On October 16, 1946, ten of the highest-ranking Nazi officers of Hitler’s Germany were put to death. Three more were given life sentences (Rudolf Hess, the last surviving relic of the trials, died in Spandau Prison in 1987 at the age of 93), four were imprisoned for up to twenty years, and three were acquitted.
After 216 court sessions the International Military Tribunal, convened specially for this purpose, disbanded itself and later in that day the ashes of the men responsible for the Holocaust were scattered into a little brook in Munich-Solln, and thereupon vanished forever. The true horror of Nazism had been revealed to the world every day for almost a year, and now the grimmest chapter in the history of the civilized world was all but closed. While the ashes of Hitler’s top politicians and officers have disappeared into oblivion, not many people are aware of a more divine significance of this historic event, one connected to an episode in Persia over 2,500 years ago.

When King Ahasuerus, then the most powerful man on earth, offered to grant Queen Esther whatever she desired for having saved his life, she replied, “If it please the king, let it tomorrow also be granted to the Jews who are in Shushan to do according to the law of this day, and let the 10 sons of Haman be hanged on the gallows.”

This is a remarkable request since Haman’s 10 sons had already been killed by the sword in the citadel of Susa (Esther 9:6-14). Nevertheless, in accordance with Esther’s wishes their 10 dead bodies were hanged. In the Apocryphal Greek version of Esther, chapter 9 verses 13-14 reads: And Esther said to the king, “Let the Jews be allowed to do the same tomorrow. Also, hang up the bodies of Haman’s 10 sons.” So he permitted this to be done, and handed over to the Jews of the city the bodies of Haman’s sons to hang up.

When the Megilla Esther was written, the names of the 10 sons of Haman who were hanged are enumerated. In the Hebrew text, the letters of the names are several times larger than the regular text. Yet, in the second, eighth and eleventh entry in the list, there are three letters; Tav, Shin and Zayn which are only one-half the size of the regular text. This mysterious order has been followed every since. The numerical value of the three diminished letters equals 707.
The Nuremberg Trials ended on October 1, 1946, which corresponded with the Jewish year of 5706. However, the due process of law meant the sentences of the convicted men could not be passed down until after appeals for clemency, of which there were many, had been heard. Finally, the sentences were pronounced. The Jewish New Year had arrived in the interim-it was 5707.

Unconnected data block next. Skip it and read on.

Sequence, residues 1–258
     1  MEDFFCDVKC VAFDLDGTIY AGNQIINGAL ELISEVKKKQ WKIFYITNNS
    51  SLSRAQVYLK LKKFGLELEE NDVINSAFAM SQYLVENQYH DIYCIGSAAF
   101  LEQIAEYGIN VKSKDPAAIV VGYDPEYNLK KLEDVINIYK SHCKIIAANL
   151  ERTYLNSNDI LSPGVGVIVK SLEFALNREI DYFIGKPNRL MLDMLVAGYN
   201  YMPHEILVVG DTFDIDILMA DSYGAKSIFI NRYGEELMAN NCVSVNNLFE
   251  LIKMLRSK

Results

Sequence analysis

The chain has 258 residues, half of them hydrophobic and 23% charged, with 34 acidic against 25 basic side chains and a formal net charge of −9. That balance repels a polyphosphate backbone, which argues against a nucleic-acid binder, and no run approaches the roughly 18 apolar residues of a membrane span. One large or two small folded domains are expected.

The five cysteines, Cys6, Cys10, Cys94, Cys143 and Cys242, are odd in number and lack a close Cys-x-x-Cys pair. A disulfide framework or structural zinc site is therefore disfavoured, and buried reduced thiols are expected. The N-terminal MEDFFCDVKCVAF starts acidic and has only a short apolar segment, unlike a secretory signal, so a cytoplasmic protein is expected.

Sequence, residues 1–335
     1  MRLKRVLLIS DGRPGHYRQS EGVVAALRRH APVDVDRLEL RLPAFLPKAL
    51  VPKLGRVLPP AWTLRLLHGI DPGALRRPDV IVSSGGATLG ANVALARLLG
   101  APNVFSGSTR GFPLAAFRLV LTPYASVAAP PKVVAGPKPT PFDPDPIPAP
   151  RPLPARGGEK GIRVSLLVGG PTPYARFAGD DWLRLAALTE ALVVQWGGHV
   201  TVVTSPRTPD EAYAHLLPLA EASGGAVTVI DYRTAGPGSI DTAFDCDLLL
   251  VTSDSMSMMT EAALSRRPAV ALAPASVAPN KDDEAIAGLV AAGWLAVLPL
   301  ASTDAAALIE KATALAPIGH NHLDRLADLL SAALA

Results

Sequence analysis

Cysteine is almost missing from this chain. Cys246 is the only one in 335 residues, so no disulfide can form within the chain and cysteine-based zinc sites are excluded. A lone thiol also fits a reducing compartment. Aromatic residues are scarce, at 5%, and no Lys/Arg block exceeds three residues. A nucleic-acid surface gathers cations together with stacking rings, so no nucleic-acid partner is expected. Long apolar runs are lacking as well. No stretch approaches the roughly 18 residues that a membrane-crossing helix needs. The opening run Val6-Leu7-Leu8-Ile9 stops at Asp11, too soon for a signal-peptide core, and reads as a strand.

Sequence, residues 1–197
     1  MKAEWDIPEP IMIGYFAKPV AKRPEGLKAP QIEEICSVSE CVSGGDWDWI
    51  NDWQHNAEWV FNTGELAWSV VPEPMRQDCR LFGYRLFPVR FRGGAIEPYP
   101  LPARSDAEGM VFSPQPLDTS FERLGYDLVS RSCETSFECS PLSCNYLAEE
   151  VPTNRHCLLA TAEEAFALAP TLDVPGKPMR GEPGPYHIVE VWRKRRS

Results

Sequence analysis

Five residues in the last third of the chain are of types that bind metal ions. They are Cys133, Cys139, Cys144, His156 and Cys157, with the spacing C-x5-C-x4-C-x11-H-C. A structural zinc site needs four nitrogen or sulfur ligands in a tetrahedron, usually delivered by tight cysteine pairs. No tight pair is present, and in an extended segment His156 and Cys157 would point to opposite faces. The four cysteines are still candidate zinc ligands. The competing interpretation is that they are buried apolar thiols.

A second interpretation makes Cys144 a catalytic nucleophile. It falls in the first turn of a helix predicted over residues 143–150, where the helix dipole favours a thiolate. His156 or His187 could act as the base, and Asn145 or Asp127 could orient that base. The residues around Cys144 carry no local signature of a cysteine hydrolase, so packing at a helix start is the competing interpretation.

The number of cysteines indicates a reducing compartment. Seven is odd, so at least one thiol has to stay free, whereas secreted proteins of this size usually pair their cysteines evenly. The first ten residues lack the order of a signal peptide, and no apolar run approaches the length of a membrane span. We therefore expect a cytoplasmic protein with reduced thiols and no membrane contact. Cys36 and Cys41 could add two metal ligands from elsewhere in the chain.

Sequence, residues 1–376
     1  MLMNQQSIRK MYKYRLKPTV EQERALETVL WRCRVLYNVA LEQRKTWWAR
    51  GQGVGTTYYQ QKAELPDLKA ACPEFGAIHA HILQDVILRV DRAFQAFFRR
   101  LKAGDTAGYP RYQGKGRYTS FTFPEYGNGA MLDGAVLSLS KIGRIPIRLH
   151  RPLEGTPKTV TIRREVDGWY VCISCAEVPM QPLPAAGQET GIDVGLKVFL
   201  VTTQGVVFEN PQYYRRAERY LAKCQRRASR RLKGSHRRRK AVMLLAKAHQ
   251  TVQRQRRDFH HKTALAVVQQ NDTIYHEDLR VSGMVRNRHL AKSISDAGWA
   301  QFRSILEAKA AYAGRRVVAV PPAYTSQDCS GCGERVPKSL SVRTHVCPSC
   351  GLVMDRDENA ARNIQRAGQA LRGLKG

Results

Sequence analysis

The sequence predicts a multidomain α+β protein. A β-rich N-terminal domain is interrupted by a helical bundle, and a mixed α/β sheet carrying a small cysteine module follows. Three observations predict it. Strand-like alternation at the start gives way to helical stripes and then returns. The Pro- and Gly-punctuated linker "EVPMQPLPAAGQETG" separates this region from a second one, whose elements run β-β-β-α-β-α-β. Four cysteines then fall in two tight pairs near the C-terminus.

Twelve Nazis were meant to hang-although the method of execution might equally as well have been the firing squad-but Martin Bormann had escaped at the end of the war and was sentenced to death in absentia, and Herman Goering committed suicide two hours before his destined execution, leaving 10 condemned men.

In the early hours of October 16, 1946 during a 90 minute period, these 10 top Nazis went to their death on the gallows. The guards, with precise, ruthless efficiency brought them in one by one to deliver their last words and die. Only Julius Streicher went without dignity. His appearance happened at 2:11 a.m. He had to be pushed across the floor, wild-eyed and screaming, “Heil Hitler!” Mounting the steps, he cried out: “and now I go to God.” He was pushed the last two steps to the mortal spot beneath the hangman’s rope. Streicher swung around to face the witnesses and glared at them. Suddenly he screamed “Purim Fest 1946!” Then he was hanged.

The Megilla Esther had predicted that just as these 10 sons, descendants of Amalek and enemies of the Jews, were hanged, so again in the year 5707 (1946) would 10 other children of Haman be hanged.

The day of the early morning executions the front page headlines of the October 16, 1946 Late City Edition of The New York Times broke the story of what had just happened. In another strange twist, this was the day of Hoshana Raba.

“…On the seventh day of the Succot Holiday (Hoshana Raba), the judgement of the nations of the world is finalized. Sentences are issued from the residence of the King. Judgements are aroused and executed on that day.” Zohar Vayikra 31b

Ralph Buntyn
is executive vice president and associate editor of United Israel World Union. A historian and researcher, his many articles and essays have appeared in various media outlets.